Saturday, 26 September 2009

The Lambs of London

Title: The Lambs of London

Author: Peter Ackroyd

Number of pages: 216

Started: 23 September 2009

Finished: 26 September 2009

Opening words:

‘I loathe the stench of horses.’ Mary Lamb walked over to the window, and touched very lightly the faded lace fringe of her dress. It was a dress of the former period that she wore unembarrassed, as if it were of no consequence how she chose to cover herself. ‘The city is a great jakes.’ There was no one in the drawing-room with her, so she put her face upwards, towards the sun. Her skin was marked by the scars of smallpox, suffered by her six years before; so she held her face to the light, and imagined it to be the pitted moon.

‘I have found it, dear. It was hiding in All’s Well.’ Charles Lamb rushed into the room with a thin green volume in his hand.

Read the first chapter here

Plot summary:

At the centre of this intriguing, irresistible novel are the young Lambs: Charles, constrained by the tedium of his work as a clerk at the East India Company, taking refuge in a drink or three too many while spreading his wings as a young writer, and his clever, adoring sister Mary, confined by domesticity, an ailing, dotty father and a maddening mother- Into their lives comes William Ireland, an ambitious 17-year-old antiquarian and bookseller, anxious not only to impress his demanding showman of a father, but to make his mark on the literary world. When Ireland turns up a document in the handwriting of Shakespeare himself, he takes Mary into his confidence - but soon scholars and actors alike are beating a path to the little bookshop in Holborn Passage. Touching and tragic, ingenious, funny and vividly alive, this is Ackroyd at the top of his form in a masterly retelling of a nineteenth-century drama which keeps the reader guessing right to the end.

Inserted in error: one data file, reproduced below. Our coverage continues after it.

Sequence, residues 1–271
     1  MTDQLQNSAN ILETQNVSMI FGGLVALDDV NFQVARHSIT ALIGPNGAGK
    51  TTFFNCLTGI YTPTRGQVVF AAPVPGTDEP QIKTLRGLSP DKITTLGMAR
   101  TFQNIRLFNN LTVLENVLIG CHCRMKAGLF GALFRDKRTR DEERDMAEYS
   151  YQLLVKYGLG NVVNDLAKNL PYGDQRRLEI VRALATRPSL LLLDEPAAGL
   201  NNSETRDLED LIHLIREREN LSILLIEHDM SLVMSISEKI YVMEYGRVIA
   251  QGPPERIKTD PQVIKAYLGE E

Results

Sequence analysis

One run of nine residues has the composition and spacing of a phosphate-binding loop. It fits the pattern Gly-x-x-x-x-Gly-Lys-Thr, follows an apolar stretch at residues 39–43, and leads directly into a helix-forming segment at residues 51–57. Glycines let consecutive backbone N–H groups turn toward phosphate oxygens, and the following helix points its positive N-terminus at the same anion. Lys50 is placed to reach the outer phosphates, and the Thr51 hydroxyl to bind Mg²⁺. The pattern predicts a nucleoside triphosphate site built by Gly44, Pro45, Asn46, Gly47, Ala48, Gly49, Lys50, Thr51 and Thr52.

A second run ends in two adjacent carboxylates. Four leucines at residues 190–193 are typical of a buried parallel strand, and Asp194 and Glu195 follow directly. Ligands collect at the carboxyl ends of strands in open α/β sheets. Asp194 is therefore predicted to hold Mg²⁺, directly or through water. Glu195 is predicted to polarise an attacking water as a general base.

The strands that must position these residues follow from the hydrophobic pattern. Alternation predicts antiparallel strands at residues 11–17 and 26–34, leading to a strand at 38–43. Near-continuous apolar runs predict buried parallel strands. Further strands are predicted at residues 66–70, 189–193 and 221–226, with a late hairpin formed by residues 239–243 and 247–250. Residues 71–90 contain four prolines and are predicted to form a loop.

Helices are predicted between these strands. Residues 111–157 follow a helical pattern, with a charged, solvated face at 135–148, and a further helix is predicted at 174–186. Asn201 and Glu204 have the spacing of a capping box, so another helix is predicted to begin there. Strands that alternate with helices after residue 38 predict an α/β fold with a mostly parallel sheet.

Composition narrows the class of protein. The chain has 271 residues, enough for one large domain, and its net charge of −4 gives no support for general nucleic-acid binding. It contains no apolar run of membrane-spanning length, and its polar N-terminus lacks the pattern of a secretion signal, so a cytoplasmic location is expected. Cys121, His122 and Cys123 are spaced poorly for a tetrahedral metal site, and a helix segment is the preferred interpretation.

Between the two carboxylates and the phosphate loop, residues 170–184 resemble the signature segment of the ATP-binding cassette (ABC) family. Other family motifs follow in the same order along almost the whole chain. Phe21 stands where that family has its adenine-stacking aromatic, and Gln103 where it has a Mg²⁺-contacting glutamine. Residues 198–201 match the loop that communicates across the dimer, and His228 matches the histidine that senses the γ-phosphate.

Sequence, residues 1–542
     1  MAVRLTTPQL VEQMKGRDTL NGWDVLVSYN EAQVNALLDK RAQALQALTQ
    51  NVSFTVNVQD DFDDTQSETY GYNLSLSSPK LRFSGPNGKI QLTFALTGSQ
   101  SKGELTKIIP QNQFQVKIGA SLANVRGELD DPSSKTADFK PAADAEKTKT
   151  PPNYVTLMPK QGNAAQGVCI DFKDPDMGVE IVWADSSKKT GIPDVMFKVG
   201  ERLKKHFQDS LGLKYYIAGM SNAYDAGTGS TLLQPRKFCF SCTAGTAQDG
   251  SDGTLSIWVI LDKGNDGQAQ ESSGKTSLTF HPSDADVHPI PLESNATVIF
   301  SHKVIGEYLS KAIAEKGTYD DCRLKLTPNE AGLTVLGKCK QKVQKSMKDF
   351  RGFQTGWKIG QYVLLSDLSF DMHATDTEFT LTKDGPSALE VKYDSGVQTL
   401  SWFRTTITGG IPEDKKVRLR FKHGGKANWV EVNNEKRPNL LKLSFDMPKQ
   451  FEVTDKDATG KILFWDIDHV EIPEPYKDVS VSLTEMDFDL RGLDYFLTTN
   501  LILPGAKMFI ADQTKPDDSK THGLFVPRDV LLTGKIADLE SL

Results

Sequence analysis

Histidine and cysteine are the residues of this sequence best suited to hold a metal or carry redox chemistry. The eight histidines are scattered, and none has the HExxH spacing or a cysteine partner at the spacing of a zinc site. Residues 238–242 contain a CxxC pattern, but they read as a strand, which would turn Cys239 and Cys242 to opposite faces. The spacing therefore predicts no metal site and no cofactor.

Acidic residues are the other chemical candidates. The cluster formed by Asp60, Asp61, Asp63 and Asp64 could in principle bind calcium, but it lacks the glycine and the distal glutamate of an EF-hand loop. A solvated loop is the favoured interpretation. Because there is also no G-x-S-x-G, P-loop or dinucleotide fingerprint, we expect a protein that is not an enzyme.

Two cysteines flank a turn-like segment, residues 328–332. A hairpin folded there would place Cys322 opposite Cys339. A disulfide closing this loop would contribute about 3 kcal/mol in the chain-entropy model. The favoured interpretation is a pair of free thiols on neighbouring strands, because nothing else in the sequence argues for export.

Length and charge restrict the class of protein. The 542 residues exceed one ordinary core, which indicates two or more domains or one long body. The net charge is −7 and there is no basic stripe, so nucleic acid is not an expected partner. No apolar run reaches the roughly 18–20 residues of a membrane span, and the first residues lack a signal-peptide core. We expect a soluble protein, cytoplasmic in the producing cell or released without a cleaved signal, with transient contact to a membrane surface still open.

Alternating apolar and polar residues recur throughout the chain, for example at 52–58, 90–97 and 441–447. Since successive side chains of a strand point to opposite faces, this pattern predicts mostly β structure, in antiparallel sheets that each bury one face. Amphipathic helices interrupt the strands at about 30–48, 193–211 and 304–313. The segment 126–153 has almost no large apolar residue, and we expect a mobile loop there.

What I thought:

I wasn’t really a fan of this book. I didn’t really enjoy the plot and was not massively interested in watching the story unfold. I think the story had potential but I just didn’t find it intriguing. Perhaps it is because it was about Shakespeare and that brought back subconscious memories of school!


Sarah said...

Do you like any historical fiction? I think it is just prejudice on my part, but I rarely want to read novels based on English history. Even if Wolf Hall wins the Booker: no thanks!

Random Reflections said...

Sarah - No, I'm not really a fan of historical fiction and this did nothing to encourage me to read more of it. I think I too have some prejudice about it for some unknown reason.